After 8,019 games, finally a Mets pitcher throws a no-hitter. It wasn’t during the World Series or in the heat of the pennant race. It was hardly even a sold out crowd. But as the game unfolded special things started to happen. When all was said and done, after 134 pitches from a surgically repaired and healed shoulder, Johan Santana becomes the first pitcher in Mets history to throw a no-hitter.
Carlos Beltran hit a shot down the left field line… foul cried the umpire. It happened so fast, how could anyone know for sure if the ball was fair or not. Well the replay showed it was fair, hitting the edge of the foul line. But as Harold Reynolds pointed out on MLB Network, the ball was hit so hard and it went down the line so fast, there was no way anyone could tell if it was fair or foul. It was only afterward on replay that we saw it was fair. But the call stood as it should have. Perhaps in a way, the baseball gods evened the score for the perfect game that wasn’t from 2010 in Detroit, ironically two years ago today. A blown call by umpire Jim Joyce at first base for what should have been the final out cost Armando Gallaraga his perfect game and no-hitter. That was criminal. And what’s worse, a pitcher losing a no-hitter on a bad call or a pitcher getting a no-hitter on a bad call?
Then there is Mike Baxter, a fairy tale dream come true. Mike grew up in Queens attending many Mets games with his father. Since then he worked as hard as anyone, a Johan Santana work ethic if you will, to get to where he is today. He went back on a ball that looked for sure it would be a hit. Baxter seized the moment and made a terrific over the shoulder catch, crashing into the wall injuring his own shoulder. It was unbelievable and it was poetic, almost as if Baxter was giving up his shoulder, channeling all the energy of his and his teammates into Johan’s.
Perhaps the 134 pitches Johan threw will be a problem down the road. Let’s hope not. Let’s hope Johan’s no-hitter is simply a testament to his hard work to get himself back to the ace he was once before. The Mets may have had more talented pitchers in their past. Certainly Tom Seaver and a young Dwight Gooden come to mind. But they certainly had no one who works as hard and diligently as Johan Santana.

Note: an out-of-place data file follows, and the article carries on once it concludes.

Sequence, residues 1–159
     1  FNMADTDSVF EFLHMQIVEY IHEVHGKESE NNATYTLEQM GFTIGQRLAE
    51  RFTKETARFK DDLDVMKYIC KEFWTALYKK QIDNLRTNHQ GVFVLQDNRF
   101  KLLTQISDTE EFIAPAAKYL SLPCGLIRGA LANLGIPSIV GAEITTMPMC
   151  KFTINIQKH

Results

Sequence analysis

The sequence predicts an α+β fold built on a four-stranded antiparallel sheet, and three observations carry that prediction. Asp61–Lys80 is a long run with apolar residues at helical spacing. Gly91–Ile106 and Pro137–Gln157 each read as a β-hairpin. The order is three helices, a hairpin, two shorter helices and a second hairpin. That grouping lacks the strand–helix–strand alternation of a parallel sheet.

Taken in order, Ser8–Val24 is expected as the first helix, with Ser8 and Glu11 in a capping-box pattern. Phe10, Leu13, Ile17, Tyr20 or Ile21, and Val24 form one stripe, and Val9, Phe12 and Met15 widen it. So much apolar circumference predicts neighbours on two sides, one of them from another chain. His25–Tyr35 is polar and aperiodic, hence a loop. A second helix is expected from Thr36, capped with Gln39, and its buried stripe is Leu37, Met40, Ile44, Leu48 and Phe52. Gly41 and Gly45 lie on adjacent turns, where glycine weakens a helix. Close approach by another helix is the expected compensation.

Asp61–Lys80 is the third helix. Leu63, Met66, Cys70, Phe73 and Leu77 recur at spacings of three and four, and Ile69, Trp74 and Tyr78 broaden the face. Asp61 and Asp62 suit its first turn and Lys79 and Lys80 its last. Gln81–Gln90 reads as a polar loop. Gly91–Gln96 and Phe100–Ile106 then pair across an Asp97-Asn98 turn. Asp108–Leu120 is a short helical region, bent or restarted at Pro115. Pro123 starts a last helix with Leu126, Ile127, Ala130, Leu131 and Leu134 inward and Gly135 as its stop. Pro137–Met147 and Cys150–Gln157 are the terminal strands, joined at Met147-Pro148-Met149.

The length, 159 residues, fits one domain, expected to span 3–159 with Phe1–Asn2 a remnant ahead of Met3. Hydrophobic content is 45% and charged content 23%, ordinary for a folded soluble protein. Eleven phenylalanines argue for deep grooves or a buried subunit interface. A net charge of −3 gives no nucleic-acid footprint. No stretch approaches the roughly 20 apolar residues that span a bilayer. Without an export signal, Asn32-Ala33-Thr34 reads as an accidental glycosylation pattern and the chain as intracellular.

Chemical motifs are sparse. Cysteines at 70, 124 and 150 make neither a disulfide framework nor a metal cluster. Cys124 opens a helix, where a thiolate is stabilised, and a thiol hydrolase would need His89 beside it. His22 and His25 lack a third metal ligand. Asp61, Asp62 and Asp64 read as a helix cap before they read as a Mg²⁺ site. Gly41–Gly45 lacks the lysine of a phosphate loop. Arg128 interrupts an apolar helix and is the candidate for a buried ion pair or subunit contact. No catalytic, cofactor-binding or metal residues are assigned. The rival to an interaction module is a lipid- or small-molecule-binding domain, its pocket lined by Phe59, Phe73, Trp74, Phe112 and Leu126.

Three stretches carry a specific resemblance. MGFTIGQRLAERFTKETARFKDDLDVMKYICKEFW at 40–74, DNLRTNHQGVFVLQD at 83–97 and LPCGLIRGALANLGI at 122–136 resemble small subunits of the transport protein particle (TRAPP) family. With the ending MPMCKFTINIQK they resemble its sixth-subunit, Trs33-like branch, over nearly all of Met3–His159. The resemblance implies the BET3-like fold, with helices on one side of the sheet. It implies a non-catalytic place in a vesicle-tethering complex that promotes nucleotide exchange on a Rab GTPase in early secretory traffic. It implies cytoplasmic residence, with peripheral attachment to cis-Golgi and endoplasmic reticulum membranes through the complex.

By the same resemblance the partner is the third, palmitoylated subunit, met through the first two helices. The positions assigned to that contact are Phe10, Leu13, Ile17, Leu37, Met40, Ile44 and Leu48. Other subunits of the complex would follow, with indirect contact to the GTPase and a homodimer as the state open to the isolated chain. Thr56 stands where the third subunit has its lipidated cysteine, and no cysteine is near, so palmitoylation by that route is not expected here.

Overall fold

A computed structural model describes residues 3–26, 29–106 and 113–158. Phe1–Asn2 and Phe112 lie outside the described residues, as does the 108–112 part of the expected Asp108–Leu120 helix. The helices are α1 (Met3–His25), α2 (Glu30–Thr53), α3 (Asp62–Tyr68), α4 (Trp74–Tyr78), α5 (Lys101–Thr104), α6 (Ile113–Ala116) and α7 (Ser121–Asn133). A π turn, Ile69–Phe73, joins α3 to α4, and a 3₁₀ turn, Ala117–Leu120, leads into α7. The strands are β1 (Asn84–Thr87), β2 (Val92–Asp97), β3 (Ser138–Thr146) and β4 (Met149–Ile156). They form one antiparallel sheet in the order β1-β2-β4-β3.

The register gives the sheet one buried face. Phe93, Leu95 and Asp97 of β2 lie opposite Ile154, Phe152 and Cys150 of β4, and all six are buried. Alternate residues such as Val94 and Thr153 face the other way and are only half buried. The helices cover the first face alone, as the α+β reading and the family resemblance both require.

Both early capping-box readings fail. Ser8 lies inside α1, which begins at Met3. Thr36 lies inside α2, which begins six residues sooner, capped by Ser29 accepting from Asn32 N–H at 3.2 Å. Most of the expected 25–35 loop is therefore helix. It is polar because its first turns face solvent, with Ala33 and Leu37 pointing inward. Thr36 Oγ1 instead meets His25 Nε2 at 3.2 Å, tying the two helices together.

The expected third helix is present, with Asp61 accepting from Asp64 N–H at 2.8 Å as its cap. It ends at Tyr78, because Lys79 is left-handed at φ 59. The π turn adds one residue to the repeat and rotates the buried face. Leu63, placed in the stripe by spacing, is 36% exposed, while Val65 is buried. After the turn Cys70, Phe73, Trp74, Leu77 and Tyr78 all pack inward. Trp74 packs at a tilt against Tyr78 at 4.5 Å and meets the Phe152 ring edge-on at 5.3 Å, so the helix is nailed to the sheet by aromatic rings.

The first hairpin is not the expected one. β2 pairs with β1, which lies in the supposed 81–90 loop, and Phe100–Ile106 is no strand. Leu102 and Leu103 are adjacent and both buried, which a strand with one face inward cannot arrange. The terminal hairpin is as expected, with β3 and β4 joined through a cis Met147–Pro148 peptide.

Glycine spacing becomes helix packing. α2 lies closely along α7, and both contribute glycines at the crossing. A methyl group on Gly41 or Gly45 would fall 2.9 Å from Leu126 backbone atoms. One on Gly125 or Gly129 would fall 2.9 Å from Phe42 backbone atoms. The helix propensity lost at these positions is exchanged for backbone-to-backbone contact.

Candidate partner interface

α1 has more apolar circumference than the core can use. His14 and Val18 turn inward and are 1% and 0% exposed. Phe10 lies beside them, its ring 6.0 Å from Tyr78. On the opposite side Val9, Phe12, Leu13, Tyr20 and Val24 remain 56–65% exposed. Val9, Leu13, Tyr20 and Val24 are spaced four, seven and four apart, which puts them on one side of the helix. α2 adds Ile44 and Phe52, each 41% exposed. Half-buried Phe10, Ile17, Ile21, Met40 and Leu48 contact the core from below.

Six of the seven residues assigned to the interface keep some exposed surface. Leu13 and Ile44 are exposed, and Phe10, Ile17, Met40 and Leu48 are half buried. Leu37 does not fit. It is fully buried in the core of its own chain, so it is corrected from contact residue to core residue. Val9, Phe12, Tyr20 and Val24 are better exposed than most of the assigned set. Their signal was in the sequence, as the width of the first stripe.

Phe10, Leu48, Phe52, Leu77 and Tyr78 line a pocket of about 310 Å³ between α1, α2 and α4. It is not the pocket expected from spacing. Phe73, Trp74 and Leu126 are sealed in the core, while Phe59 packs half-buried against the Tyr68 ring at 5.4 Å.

It was a special night, the first no-hitter in the fifty plus years of the New York Mets. It was also the biggest game to occur so early in a season for the Mets. For far too many seasons, by Memorial Day, the Mets were done. Not this year, not yet. These Mets have a grit, a singular desire to win, to prove all the critics wrong. Last night, Johan Santana punctuated the attitude of this team. Never say die, never give up. I don’t know how the season will end and frankly I don’t care because win or lose, I love this team more and more.
Johan: I never thought I would see what happened tonight. I was a teenager when Tom Seaver came so close on three different occasions during his Mets career, taking no-hitters into the ninth inning. Others came close too but never took the no-hit bid so late into the game, having given up their one hit early. (Mets have thrown 35 one-hitters in their history.) Now in my mid fifties, finally me and all Mets fans experienced something we will never forget. Thank you so much for turning an average early season Friday evening into something absolutely electric. You have now joined the ranks of the all time great Mets. You were headed there anyway. Tonight’s performance simply sealed the deal.